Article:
Lose the loopholes

January 02, 2003

WITH A BUDGET deficit of $1.2 billion, give or take, Maryland can't afford to allow any corporation to escape its fair share of the tax burden. Some analysts believe up to $200 million could be added to the state's bottom line if various loopholes were closed.

Students of the Maryland tax code estimate that $100 million drains away each year through shell companies located in Delaware. Companies operating - and profiting - in Maryland transfer profits to these corporations and pay no taxes in Maryland. The practice is legal, but obviously should not be. Some enterprising legislator or budget-balancer in the new administration of Robert L. Ehrlich Jr. ought to be crafting legislation to slam this door right away.

Corporations that evade taxes they owe have simply been quicker and more creative than the state up to now. And some say tax avoidance techniques are ever more in evidence. Comptroller William Donald Schaefer has asked the courts to rule that these shell corporations should be viewed as doing business in Maryland.

Other reforms could include changing state law so that goods made by Maryland-based companies and sold elsewhere but not taxed in another state would be subject to taxation in Maryland. Also, rewriting a law that allows corporations to avoid real estate transfer taxes on certain transactions could generate $10 million for the state and $32 million for local governments.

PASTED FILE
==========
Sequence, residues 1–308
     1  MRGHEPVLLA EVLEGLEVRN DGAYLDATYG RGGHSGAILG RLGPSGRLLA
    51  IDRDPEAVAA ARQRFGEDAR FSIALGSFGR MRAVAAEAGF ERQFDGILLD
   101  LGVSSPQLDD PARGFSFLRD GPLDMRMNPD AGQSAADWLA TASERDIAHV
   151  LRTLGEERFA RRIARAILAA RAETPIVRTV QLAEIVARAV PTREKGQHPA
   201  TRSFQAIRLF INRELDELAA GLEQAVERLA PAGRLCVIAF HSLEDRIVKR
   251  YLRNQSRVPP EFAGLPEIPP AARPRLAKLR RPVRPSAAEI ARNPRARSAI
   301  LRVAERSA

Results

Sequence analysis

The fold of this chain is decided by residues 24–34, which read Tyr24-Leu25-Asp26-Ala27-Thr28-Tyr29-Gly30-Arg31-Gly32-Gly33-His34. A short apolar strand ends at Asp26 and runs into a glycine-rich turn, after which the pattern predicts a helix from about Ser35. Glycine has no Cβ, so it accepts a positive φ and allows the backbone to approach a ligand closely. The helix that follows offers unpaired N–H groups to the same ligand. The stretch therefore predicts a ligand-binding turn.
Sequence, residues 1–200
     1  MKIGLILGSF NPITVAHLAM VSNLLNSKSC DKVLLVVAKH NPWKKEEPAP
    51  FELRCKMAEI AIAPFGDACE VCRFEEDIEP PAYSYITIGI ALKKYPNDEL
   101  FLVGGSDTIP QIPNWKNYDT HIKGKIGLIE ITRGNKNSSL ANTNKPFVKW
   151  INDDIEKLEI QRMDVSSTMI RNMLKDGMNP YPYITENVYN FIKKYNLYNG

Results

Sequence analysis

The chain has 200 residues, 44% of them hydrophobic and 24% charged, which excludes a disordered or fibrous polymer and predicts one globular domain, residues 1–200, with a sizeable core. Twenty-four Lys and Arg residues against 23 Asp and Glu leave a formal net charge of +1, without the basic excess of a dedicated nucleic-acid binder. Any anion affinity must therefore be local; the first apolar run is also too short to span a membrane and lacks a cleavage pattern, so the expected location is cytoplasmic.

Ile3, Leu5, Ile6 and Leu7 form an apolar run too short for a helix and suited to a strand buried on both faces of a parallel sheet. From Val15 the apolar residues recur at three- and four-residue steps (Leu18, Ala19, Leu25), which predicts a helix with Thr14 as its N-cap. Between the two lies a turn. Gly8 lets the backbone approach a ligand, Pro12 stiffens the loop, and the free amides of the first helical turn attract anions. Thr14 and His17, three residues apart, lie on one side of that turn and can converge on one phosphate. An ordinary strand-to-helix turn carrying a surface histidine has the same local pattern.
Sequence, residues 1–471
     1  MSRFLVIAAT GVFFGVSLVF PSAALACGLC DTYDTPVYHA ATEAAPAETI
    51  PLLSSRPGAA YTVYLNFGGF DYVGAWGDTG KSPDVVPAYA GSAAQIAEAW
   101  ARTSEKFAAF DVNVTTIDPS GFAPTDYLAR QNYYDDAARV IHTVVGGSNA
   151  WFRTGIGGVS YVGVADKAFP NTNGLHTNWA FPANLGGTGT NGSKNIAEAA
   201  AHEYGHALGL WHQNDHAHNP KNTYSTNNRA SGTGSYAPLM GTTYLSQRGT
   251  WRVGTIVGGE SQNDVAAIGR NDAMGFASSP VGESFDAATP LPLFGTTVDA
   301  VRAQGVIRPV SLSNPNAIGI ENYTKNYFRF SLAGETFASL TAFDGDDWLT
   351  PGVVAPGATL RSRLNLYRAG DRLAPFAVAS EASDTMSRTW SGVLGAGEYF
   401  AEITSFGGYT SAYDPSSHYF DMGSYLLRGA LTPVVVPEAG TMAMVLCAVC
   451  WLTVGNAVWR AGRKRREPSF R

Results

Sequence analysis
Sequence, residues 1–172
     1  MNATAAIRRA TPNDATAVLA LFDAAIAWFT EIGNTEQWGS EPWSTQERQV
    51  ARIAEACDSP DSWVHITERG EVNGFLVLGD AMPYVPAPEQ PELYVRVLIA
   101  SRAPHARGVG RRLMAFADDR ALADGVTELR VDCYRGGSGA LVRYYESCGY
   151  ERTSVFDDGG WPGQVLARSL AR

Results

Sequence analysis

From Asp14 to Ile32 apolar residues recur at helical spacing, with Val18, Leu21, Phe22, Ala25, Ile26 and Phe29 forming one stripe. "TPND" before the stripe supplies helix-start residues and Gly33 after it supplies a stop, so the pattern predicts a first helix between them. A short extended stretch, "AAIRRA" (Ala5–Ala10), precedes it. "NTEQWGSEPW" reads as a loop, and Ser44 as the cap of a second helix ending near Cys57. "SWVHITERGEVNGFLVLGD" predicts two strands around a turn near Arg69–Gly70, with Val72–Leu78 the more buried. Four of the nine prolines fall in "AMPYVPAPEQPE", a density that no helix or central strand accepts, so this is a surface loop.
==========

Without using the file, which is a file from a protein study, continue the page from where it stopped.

Other states have passed legislation aimed at stopping similar income-shifting practices, so it seems less likely that Maryland would put itself at a competitive disadvantage with businesses. In easier economic times, states like Maryland might have allowed such practices to go unaddressed. Fairness cried out for tighter laws then, but the cry now comes also from real needs: health care, education, help for the needy - government services facing painful trimming if more revenue is not located.

The Ehrlich administration says it needs more money quickly to deal with a budget shortfall in the fiscal year ending July 1, and a spokesman for the governor-elect says he will want a careful analysis of the state's taxing systems. That's all well and good - in this case, crisis can bring opportunity. A glaring deficiency in the tax code could be corrected and millions directed toward a treasury sorely in need of replenishing.

Corporate beneficiaries of the loopholes may squeal, but they shouldn't. Maryland won't be a business-friendly state if it can't pay its bills, fails to take care of its poor and doesn't treat all taxpayers fairly.

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